William Edmondstoune Aytoun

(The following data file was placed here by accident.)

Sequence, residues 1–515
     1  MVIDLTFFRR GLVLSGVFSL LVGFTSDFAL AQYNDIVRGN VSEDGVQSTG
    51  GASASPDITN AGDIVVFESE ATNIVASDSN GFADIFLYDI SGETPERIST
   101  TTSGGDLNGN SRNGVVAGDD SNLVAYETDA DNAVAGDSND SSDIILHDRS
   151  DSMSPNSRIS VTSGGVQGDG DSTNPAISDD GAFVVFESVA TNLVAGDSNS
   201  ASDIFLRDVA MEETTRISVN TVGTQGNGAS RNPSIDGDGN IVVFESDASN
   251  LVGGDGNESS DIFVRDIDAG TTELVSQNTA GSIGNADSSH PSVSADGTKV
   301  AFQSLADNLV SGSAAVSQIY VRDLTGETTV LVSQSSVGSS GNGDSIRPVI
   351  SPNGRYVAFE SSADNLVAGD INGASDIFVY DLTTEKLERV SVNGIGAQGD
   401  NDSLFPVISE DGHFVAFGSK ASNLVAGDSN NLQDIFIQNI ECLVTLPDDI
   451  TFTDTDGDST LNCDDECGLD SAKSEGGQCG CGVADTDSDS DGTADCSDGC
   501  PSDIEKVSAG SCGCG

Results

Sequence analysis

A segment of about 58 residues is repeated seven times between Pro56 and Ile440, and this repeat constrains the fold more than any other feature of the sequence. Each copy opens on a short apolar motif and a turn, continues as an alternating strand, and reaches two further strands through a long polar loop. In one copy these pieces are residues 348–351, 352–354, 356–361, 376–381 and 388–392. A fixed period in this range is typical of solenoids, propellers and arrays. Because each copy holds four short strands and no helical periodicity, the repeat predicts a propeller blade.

A Scottish poet and professor of rhetoric and belles lettres at the University of Edinburgh. In the early 1850s, Aytoun lent his name as a supporter of the fledgling National Association for the Vindication of Scottish Rights. He published his first book, Poland, Homer, and other Poems, in 1832, at the age of 19. This work expressed fervent concern for the cause of Poland. In 1833 he journeyed on to Aschaffenburg where he studied German. On returning to Scotland in 1834, Aytoun resumed his legal studies in his father's chambers and was admitted a writer to the signet in 1835, and five years later certified a Scottish lawyer. By his own confession, though he followed the law, he never could "overtake" it. He was a contributor to Blackwood's, beginning in 1836 with his translations from Uhland. In 1839 he joined its staff, an association which he maintained until the end of his life. His contributions included humorous prose stories, such as The Glenmutchkin Railway, How I Became a Yeoman, and How I Stood for the Dreepdaily Burghs; a partly autobiographical novel, Norman Sinclair, and the work upon which his reputation as a poet is chiefly based, his Lays of the Scottish Cavaliers (1848). His reputation as a keen satirist is demonstrated by his dramatic verse Firmilian, a Spasmodic Tragedy, or The Student of Badajoz (1854) under the nom-de-plume of T. Percy Jones, a mock-tragedy in which he parodied the poems of the Spasmodic poets. It was intended to satirise a group of poets and critics, including George Gilfillan, Sydney Thompson Dobell, Philip James Bailey, and Alexander Smith. His parody played a decisive role in ending the vogue for such works. In 1845, Aytoun was appointed Professor of rhetoric and belles lettres at the University of Edinburgh. His lectures attracted large numbers of students, raising the attendance from 30 to 150. His services in support of the Tory party, especially during the Anti-Corn-Law struggle, received official recognition with his appointment in 1852 as Sheriff of Orkney and Shetland, a role he served for 13 years. He was married to Jane Emily Wilson, the daughter of Professor John Wilson (Christopher North). She died in 1859 and he then remarried, his second wife being Fearnie Jemima Kinnear, who died in 1904. He had no children by either wife. He is buried close to Professor Wilson in the Dean Cemetery in Edinburgh.